Are you and your partner financially compatible?
20 Feb, 2023

Are you and your partner financially compatible?

Janine Horn, Senior Financial Planner at Momentum Financial Planning

Although this month is about celebrating love, it is essential to recognise the factors that can make us fall out of love – some of which can be avoided. The lack of financial compatibility is one of them. Numerous studies cite finances as the leading cause of the breakdown of relationships and marriages. Given that love is in the air, now is the perfect time to gauge whether you and your partner are on the same page when it comes to money matters.

According to Janine Horn, Financial Adviser at Momentum, financial dating is a vital tool that can improve the longevity and success of your relationship. “Financial dating is all about understanding your financial goals and communicating them openly and honestly to your partner.”

Horn says you do not need to wait until you’re in a serious, long-term relationship to start financial dating either. “Financial dating can be practised at the start of a relationship. That awkward dance we do on a first date when the bill comes – it can be settled ahead of time with the proper phrasing of the proposition. Using the phrase “I’d love to take you to dinner” instead of “Let’s meet for dinner sometime” communicates the financial expectation very clearly and very early on.”

For her, finding out if you and your partner are aligned when it comes to finances could spare the broken hearts of a ruined relationship and even strengthen the foundations of one that will last a lifetime. “Use tools like talking about goals rather than outwardly asking about their financial habits. Talk about a goal that you have and mention how you’re saving towards it. Follow it up by asking them about any goals they have,” she says.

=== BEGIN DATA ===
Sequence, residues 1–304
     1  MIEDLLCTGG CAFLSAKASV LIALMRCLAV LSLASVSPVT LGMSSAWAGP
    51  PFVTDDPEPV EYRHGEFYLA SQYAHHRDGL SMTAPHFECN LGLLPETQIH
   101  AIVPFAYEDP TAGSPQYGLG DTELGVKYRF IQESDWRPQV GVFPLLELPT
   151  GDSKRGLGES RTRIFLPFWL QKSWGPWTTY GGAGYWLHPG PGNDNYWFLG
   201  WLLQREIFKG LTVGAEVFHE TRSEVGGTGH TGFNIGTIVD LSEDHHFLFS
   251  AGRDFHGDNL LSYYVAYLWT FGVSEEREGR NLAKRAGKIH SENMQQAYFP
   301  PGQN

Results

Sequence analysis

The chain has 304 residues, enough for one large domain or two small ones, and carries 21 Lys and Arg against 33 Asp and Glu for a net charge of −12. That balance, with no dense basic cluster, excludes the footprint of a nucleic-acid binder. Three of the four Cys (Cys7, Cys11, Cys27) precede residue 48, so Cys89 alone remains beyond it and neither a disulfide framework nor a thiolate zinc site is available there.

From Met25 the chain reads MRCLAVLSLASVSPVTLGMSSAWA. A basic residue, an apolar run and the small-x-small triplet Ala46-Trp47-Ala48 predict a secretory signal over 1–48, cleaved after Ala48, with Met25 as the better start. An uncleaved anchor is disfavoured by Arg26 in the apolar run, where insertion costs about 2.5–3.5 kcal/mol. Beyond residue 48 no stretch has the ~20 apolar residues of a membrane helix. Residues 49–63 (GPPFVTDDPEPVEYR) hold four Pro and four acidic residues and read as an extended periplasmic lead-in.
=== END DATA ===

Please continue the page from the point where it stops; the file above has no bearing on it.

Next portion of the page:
Horn recommends the below steps to gauge how financially compatible you and your partner are:

  • Discuss your patterns and learnt behaviours: This may be difficult, but it will build trust in your partner.
  • Discuss your financial goals: Talk about your long-term goals, such as saving for retirement, buying a home, or paying off debt.
  • Examine your spending habits: Take a closer look at how you both handle money, including your spending habits and attitudes towards saving and debt.
  • Share your financial information: Be open and transparent about your financial situation, including your income, debts, and assets.
  • Set a budget together: Creating a budget together can help you identify any areas of disagreement or differences in spending habits and priorities.
  • Seek professional advice: Consider working with a financial coach or adviser to help you navigate financial compatibility and create a plan that works for both of you.

“Money has its own place as a love language and should be acknowledged as such. Additionally, treating money as a love language can lead to more meaningful and long-lasting relationships,” Horn concludes.



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